The Wacky World of Prices: Rental Cars, Hollywood, and HBO

Guest post by Gabriel Rossman -- Sociologist at UCLA. His work applies economic sociology to media industries. He blogs at Code and Culture and is the author of Climbing the Charts.

I study media markets and one of the interesting things about the entertainment industry is there's a lot of complex pricing. This includes both simple bundling (eg, basic cable) and two-part tariffs (eg, HBO). These pricing practices are forms of price discrimination, which is to say they are ways to customize the price point so the seller doesn't leave much money on the table relative to each particular consumer's willingness to pay. It's kind of like haggling but it works at scale over a large number of consumers.

Price discrimination is a mixed bag. On the downside it pushes consumer surplus close to zero, meaning you always feel like you're getting ripped off but not so much that you balk. On the upside it increases total revenues and quantity supplied. The effects can be pretty substantial. For instance, the record labels' main problem isn't decreased quantity supplied but the end of bundling with the switch from albums to singles. Likewise one of the most popular explanations for the decline of the Hollywood studio system is that the Paramount decision banned a form of bundling called block-booking and this decreased revenues sufficiently that the studios couldn't maintain a vertically-integrated production system.

The thing is, that price discrimination is only supposed to work under certain very narrow circumstances. Suppose we have a two-part tariff seller, say, a movie theater selling tickets for $10 and popcorn for $5. If a competing theater opens across the street charging $12 for tickets and $2 for popcorn, you'd expect to see everybody who doesn't like popcorn stay at the first theater and everybody who does like popcorn go to the second theater. That is, a price discrimination scheme should very quickly break down in the face of perfect competition and in fact this problem is so well understood that monopoly is understood to be a scope condition. For instance, the word "monopoly" is in the title of one of the major cites on two-part tariffs.

So what about when you don't have a monopoly or perfect competition, but something in between? In theory, you don't need a perfectly competitive market with innumerable infinitesimally small price-takers in order to get something that looks a lot like a Walrasian auction. This is why industrial-organizational econ loves game theory. Once you apply a prisoner's dilemma model to price competition in a market with two sellers (duopoly) or a handful of sellers (oligopoly), it looks a lot more like a market with an infinite number of sellers (perfect competition) than it does like a market with exactly one seller (monopoly).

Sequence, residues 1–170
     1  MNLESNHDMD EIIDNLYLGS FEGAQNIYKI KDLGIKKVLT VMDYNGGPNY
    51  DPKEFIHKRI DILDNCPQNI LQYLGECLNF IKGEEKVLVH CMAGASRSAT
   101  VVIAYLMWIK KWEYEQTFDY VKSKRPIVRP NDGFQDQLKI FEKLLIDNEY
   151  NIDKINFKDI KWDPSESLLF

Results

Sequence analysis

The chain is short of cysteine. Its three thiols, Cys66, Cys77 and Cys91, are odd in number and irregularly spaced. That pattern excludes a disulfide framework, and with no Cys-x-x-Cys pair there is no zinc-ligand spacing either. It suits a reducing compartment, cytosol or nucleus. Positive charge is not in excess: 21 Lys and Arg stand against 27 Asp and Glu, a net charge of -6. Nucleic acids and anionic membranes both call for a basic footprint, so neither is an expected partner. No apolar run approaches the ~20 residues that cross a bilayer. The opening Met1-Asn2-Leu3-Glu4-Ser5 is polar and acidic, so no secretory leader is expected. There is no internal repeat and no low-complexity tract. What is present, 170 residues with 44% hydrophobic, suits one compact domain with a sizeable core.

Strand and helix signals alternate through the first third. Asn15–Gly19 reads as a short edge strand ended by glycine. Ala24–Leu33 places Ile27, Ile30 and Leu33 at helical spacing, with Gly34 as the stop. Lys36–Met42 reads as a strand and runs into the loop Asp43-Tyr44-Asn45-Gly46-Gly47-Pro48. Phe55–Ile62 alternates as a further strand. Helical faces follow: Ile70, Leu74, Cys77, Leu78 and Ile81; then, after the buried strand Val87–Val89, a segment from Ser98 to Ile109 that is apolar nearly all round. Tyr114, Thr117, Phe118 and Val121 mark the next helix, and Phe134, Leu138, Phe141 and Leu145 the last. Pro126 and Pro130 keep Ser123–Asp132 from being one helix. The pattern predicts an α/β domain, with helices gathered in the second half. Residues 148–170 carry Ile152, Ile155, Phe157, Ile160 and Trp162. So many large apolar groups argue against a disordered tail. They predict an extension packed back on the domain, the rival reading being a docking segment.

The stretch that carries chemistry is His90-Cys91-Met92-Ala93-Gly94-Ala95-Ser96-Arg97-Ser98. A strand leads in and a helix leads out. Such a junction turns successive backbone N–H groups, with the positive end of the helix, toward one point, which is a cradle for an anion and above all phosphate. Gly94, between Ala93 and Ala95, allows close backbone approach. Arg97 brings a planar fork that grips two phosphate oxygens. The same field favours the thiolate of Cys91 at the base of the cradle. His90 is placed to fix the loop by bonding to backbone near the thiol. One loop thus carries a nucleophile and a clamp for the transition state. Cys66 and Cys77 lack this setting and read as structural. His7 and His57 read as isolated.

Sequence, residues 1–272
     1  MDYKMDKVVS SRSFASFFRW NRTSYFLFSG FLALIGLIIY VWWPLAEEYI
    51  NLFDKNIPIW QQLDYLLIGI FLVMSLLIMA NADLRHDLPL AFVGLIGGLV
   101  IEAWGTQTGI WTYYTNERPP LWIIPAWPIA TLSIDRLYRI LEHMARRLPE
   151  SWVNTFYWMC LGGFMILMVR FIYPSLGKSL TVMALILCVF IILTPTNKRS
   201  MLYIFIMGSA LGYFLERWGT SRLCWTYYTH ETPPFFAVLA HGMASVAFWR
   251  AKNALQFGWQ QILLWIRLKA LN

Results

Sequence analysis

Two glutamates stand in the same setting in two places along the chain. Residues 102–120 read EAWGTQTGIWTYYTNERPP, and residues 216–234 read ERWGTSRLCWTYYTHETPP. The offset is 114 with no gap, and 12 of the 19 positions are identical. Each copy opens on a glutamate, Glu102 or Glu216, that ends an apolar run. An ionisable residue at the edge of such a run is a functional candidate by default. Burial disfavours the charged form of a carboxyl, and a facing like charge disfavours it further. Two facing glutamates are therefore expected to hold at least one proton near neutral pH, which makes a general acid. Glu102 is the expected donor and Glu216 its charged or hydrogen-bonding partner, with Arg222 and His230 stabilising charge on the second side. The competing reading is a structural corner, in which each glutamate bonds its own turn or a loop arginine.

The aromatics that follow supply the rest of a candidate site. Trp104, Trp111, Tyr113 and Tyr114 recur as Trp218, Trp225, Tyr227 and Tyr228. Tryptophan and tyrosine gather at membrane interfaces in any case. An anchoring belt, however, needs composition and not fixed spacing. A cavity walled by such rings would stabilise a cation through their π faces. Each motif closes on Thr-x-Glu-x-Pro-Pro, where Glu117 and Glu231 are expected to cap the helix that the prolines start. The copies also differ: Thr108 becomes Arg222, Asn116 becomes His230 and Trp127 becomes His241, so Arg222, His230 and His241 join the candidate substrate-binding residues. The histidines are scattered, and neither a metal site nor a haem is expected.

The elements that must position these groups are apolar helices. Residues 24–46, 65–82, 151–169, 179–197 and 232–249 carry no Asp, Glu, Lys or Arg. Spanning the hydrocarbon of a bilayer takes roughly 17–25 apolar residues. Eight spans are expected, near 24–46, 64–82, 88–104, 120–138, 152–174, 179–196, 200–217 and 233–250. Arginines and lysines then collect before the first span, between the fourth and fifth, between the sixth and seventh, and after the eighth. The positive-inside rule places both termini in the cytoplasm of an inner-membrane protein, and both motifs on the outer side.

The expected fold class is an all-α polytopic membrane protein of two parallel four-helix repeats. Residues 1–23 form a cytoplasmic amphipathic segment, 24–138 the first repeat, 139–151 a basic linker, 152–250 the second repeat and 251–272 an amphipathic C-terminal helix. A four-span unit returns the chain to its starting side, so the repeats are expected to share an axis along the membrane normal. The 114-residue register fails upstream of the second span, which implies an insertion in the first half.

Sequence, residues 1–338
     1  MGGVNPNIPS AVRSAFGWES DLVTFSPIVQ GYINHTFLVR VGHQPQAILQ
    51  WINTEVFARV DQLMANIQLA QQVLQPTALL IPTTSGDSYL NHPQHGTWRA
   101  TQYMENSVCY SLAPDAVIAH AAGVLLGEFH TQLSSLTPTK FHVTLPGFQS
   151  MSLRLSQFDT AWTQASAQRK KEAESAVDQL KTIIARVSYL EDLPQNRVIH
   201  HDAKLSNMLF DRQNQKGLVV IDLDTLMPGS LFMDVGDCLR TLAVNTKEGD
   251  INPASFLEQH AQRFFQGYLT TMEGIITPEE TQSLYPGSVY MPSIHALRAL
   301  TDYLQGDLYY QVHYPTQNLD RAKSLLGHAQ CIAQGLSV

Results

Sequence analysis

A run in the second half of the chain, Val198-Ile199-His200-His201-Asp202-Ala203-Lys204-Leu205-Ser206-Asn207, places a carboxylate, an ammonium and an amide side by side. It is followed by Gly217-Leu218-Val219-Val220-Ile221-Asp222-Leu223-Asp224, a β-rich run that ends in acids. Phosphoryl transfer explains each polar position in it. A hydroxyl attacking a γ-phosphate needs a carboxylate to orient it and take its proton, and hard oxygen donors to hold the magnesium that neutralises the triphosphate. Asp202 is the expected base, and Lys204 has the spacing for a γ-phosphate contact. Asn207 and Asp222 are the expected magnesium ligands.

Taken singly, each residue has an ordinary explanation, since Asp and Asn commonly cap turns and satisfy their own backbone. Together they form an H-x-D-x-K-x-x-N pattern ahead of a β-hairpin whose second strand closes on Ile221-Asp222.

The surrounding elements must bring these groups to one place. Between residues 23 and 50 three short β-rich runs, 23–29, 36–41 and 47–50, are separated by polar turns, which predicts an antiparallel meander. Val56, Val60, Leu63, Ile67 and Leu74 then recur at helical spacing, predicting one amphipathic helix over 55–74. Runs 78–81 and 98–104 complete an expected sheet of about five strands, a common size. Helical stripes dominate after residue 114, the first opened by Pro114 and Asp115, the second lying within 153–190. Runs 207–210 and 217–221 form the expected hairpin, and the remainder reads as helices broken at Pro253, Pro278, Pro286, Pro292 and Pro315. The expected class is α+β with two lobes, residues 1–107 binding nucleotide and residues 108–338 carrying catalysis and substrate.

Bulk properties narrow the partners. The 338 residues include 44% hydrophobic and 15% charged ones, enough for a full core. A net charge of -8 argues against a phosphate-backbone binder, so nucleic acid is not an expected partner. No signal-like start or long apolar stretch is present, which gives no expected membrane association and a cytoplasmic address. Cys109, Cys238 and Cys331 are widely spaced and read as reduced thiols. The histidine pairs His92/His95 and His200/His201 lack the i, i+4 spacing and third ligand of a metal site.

The thing is though that we have lots of cases of price discrimination and most of these cases occur in reasonably competitive markets, with multiple sellers and no apparent price-fixing. For instance, I previously noted that movie theaters practice two-part tariffs but let's reflect on the fact that this is a competitive industry. This raises the puzzle of why we haven't seen a chain of movie theaters compete by giving up the two-part tariff business model, which would mean cheaper popcorn but higher ticket prices.

These kinds of issues are why I was so interested when a colleague recently sent me Xavier Gabaix and David Laibson's QJE paper "Shrouded Attributes, Consumer Myopia, and Information Suppression in Competitive Markets" (ungated version). The reason the paper is important is that last phrase about "competitive markets." It shows how all sorts of stuff we already knew could go on with monopolies can also occur under competition. "Shrouded attributes" refers to hidden costs like the marked-up component of the two-part tariff. The "consumer myopia" phrase explains that this works if you make the reasonable assumption that many consumers aren't reasonable.

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Megan McArdle is a columnist at Bloomberg View and a former senior editor at The Atlantic. Her new book is The Up Side of Down.

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